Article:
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22 Dec 2010
Appeal Status

Representation of a company by the director

2010 case note - A company must be represented by a solicitor but the Court may permit representation by any person in exceptional circumstances.

Commissioner of Inland Revenue v Giovanni Holdings Ltd and Ors


The High Court considered that exceptional circumstances existed to permit the Court to exercise its discretion to allow representation of the company by the director.

Impact of decision

A company must be represented by a solicitor but the Court may permit representation by any person in exceptional circumstances.


On 6 September 2010, the Commissioner sought and obtained a freezing order without notice over a property owned by Giovanni Holdings Ltd ("Giovanni"). In October 2010, Giovanni filed an application seeking an order discharging or varying the freezing order.

The Commissioner objected to representation of Giovanni by Ms Hancock, the director of Giovanni.


Associate Judge Osborne granted Ms Hancock limited leave to represent Giovanni (as long as she remained the sole director) on the interlocutory application for orders discharging or varying the freezing order recognising there were "powerful considerations of access to justice". The High Court held that leave of the Court would be required if Giovanni sought lay representation after the determination of the freezing order proceeding but noted that it was unlikely to be granted in a continuing manner as the substantial issues and facts (which were not before the Court at the time) are more complex than that in the interlocutory matter.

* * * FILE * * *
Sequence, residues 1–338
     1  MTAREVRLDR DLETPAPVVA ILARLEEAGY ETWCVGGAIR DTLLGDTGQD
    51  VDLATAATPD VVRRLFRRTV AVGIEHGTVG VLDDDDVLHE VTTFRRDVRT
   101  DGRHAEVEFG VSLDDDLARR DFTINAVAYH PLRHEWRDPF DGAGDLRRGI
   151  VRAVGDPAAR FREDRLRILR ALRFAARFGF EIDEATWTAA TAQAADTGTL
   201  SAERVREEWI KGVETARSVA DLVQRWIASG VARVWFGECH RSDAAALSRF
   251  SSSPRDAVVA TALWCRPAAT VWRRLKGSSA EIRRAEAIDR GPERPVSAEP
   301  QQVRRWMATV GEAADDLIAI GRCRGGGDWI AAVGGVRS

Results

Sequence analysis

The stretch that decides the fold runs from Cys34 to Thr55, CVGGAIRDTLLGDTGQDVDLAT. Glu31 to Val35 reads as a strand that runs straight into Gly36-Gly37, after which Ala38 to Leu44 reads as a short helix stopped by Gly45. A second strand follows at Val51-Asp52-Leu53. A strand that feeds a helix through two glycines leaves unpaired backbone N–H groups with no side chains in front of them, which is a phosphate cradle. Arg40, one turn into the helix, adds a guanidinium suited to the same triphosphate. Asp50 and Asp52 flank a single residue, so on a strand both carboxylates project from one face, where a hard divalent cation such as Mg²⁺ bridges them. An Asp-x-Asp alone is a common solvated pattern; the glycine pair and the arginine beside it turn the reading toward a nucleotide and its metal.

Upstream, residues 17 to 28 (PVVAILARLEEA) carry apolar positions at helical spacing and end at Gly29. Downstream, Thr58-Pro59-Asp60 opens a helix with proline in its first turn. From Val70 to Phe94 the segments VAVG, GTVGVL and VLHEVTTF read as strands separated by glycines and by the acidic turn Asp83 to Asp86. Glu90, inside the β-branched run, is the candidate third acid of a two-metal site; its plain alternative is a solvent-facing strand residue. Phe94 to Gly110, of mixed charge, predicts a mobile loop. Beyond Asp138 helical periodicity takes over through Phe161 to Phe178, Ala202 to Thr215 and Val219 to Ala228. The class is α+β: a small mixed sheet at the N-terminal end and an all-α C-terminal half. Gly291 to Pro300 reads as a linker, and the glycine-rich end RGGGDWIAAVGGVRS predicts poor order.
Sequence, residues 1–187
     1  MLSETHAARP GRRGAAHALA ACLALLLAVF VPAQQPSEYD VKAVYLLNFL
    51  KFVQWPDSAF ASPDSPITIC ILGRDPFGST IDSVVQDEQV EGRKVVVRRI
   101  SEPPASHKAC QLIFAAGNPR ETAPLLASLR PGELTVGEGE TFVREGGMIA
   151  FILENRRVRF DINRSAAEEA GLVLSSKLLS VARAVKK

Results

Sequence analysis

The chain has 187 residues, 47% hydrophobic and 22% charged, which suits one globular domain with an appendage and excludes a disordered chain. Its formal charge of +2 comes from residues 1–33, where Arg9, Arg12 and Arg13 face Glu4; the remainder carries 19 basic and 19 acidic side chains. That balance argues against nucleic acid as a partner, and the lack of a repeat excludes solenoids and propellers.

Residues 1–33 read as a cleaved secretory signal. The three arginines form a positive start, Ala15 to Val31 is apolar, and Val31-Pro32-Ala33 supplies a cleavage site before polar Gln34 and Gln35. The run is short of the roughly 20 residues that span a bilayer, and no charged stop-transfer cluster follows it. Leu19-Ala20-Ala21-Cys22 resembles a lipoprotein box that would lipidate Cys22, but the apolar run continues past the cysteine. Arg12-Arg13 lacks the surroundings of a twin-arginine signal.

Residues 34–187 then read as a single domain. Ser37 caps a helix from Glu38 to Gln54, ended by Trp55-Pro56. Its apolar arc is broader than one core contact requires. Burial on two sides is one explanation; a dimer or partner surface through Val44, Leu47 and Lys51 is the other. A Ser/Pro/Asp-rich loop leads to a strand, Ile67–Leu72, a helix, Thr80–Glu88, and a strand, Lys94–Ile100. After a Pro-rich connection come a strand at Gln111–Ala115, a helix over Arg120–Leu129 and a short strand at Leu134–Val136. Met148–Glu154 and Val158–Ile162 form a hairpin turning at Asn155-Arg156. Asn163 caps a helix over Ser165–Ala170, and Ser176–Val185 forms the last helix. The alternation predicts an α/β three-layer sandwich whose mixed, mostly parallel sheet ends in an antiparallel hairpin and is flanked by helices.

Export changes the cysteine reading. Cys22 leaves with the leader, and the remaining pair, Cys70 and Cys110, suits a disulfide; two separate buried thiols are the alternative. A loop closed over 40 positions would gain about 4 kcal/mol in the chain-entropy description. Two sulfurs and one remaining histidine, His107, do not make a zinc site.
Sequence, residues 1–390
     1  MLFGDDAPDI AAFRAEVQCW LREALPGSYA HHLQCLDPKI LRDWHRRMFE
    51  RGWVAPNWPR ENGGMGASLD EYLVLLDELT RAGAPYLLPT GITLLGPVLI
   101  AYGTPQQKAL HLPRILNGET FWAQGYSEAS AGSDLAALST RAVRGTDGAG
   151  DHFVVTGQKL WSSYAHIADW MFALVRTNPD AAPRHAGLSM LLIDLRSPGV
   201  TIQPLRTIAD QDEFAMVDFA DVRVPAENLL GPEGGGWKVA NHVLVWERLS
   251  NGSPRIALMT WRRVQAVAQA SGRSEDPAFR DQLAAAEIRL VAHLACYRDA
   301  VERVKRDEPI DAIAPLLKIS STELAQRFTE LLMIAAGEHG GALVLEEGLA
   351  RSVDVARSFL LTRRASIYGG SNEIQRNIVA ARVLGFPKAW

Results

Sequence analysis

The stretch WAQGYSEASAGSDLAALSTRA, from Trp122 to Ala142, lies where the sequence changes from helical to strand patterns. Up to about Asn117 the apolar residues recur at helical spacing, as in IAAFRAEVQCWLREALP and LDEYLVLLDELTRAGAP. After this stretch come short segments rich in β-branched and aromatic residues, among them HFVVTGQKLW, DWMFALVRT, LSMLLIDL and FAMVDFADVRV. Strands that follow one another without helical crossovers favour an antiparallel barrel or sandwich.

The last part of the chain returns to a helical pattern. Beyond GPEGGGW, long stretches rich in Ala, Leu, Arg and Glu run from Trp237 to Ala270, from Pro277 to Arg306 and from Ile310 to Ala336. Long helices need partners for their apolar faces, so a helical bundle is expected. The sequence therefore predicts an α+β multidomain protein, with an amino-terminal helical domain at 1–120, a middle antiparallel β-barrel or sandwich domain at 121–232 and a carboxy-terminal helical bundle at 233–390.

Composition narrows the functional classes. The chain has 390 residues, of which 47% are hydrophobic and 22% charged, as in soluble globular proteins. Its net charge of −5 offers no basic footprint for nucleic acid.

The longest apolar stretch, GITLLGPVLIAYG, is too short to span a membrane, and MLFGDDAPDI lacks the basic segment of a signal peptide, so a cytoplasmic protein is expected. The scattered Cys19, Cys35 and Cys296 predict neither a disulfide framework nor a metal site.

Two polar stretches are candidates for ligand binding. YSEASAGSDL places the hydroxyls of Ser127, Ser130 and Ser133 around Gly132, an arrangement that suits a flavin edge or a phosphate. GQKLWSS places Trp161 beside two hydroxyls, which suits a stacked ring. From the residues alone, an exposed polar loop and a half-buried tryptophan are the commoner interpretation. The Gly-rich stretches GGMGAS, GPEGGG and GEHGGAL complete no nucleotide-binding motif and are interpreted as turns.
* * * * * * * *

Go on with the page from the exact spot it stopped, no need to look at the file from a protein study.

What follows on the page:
Osborne AJ referred to the rule in Re G J Mannix Ltd [1984] 1 NZLR 309 which provides that a company must have a solicitor on record to file proceedings but noted that the Court does retain its inherent jurisdiction, in exceptional circumstances, to permit someone other than a solicitor to represent the company. The Court confirmed that the Mannix rule continues to bind the Court.

Osborne AJ found that there was a "single, overarching exceptional circumstance" in the present matter in that Giovanni's assets had been frozen by the freezing order and obtained without notice before Giovanni had an opportunity to take legal advice. The Court accepted that Giovanni had provided prima facie evidence that it is at present without access to resources to fund an application to discharge or vary the freezing order.

The Court then considered whether other factors should mean that despite the exceptional circumstance, representation by Ms Hancock should be refused.

Osborne AJ, while acknowledging the matter was not straightforward, considered that issues would not arise at the interlocutory stage of such a complex nature so as to outweigh the need for representation by Ms Hancock.

Further, despite concerns raised by the Commissioner regarding the evidence (recognising that some aspects of the evidence are "of understandable concern to the Commissioner") and the independence and objectivity of Ms Hancock, Osborne AJ was not satisfied that Ms Hancock should not represent Giovanni. However, the Court did note that any development in the course of litigation which indicated Ms Hancock was not proceeding with appropriate independence would likely result in a review of his order and noted that both Giovanni and Ms Hancock were on notice that the Court had an interest to ensure Ms Hancock represented Giovanni objectively.